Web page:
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More than half of Canadians say they aren't financially prepared if interest rates jump

More than half of Canadians say they aren't financially prepared if interest rates jump

Date Posted: August 28, 2017

Manulife Bank's annual homeowner debt survey was published last Tuesday, and it paints a grim picture of consumers who may not be ready for the next increase in interest rates that could be coming.

The survey reports that a large percentage of Canadians are not prepared for unexpected expenses. With home prices rising across the country, in some cities much quicker than others, it has been significantly more difficult for millennials to enter the market. 

In Toronto, the average sale price was $746,000 in July 2017 (down 13% from the average $919,000 in April 2017).

The concern with millennials comes with their struggle to deal with unexpected costs. With some entering the housing market and purchasing a home which can max out their affordability capability, something like a broken down furnace, or expensive car repair expense can throw them into financial trouble. While baby boomers lack financial flexibility as a majority of their net worth is tied up in their homes.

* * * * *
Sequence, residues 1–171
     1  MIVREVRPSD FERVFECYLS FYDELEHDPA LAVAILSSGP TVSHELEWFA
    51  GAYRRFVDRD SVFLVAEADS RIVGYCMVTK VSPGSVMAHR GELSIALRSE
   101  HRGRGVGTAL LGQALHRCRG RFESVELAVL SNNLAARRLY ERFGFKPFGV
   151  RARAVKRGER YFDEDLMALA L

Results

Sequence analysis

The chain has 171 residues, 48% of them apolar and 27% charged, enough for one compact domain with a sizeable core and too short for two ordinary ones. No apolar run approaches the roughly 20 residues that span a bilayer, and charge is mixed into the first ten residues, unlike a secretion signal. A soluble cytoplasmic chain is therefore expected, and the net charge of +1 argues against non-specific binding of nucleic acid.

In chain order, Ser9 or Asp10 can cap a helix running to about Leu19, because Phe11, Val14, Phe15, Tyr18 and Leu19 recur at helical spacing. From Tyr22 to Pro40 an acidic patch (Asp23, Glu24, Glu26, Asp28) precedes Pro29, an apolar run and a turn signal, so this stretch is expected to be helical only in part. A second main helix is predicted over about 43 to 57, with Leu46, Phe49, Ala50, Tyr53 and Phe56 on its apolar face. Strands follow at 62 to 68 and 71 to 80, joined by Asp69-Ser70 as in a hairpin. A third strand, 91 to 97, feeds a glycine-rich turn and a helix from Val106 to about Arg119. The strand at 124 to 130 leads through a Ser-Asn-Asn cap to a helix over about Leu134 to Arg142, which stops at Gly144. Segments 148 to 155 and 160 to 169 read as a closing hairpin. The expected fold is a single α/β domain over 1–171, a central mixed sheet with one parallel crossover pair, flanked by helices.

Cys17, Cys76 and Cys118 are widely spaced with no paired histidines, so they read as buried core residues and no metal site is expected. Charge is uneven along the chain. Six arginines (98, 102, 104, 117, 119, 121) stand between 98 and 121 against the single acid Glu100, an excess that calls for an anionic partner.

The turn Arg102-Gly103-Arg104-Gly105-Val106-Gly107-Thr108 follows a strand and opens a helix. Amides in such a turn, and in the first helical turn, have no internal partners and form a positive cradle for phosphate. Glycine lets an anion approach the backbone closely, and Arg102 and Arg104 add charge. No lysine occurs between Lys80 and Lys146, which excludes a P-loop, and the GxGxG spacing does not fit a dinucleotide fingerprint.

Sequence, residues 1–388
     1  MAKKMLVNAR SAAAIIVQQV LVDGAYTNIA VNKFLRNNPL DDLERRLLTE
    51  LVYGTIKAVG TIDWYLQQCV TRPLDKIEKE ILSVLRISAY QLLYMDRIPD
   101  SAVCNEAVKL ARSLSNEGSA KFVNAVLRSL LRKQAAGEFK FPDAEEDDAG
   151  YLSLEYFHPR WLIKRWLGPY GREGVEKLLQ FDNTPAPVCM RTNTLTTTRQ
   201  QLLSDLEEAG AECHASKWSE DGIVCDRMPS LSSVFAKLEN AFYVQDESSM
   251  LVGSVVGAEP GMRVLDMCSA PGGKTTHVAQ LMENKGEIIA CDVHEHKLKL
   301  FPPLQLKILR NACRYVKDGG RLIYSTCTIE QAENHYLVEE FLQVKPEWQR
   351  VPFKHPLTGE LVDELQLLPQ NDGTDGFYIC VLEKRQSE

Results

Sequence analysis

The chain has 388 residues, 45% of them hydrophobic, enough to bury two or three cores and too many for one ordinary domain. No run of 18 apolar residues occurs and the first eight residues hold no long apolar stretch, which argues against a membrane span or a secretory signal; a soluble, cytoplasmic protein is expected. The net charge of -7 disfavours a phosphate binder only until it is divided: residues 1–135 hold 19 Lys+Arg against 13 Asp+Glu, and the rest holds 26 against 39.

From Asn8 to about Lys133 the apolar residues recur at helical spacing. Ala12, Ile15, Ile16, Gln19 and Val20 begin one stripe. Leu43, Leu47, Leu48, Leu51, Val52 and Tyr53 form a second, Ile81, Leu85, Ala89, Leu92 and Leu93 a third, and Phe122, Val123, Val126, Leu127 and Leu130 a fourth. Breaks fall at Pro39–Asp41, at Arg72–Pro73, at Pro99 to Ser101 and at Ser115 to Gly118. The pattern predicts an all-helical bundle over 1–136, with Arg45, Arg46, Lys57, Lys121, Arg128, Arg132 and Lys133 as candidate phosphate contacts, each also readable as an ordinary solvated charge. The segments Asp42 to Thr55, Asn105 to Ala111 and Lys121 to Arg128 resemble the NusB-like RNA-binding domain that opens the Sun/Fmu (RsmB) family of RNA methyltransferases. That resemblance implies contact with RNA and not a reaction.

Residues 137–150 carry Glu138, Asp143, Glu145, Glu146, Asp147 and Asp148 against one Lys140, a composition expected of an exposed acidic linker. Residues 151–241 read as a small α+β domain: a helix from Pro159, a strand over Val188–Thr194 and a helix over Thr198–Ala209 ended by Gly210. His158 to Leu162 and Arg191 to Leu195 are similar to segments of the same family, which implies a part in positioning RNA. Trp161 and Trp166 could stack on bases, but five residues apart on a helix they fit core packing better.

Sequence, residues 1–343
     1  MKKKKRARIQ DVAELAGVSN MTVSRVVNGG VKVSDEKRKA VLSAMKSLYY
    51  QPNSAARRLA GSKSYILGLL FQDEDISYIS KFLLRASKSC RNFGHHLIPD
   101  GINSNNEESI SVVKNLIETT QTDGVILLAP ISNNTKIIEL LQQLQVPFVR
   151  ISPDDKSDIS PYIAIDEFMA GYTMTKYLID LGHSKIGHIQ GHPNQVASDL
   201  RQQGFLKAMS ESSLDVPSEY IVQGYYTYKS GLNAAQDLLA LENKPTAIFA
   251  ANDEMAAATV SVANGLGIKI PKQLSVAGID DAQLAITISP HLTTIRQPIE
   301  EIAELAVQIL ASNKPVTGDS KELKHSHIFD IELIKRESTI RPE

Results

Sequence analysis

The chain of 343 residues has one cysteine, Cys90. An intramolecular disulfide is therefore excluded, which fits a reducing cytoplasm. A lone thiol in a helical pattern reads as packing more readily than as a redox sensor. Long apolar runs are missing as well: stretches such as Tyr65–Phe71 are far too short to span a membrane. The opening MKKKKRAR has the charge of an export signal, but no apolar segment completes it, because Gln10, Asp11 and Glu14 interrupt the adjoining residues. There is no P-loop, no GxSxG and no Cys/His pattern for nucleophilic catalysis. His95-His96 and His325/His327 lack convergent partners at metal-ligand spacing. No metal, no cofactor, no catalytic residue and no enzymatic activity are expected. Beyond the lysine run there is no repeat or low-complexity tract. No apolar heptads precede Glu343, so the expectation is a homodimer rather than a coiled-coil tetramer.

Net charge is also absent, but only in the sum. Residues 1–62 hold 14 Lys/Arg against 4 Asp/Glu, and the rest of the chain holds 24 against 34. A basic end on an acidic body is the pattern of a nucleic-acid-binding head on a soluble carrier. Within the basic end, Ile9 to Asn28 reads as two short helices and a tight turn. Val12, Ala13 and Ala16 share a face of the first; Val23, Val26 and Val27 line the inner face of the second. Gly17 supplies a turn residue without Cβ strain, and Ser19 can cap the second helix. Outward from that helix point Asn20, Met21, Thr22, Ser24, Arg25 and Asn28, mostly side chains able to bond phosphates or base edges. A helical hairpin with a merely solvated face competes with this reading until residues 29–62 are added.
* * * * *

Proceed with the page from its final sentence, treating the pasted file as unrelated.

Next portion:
Baby boomers have also seen an increase in debt, thanks to an increasing amount of millennials requiring the aid of their parents in order to enter the housing market.

The survey reports that a significant amount of Canadians will have trouble handling a 10% increase in their mortgage payments, should they face a rate hike.

It is extremely important that, when shopping for a new home and mortgage, you ensure you have signing up for a product that will be affordable today, and down the road. Though it is difficult to predict where rates and your life will be 5+ years down the road, a mortgage broker can help plan for the unexpected and help set you up for a mortgage that meets your unique situation. Contact one of our mortgage brokers today and find out how you can best prepare for the future.

Click here to read the full article on the Financial Post.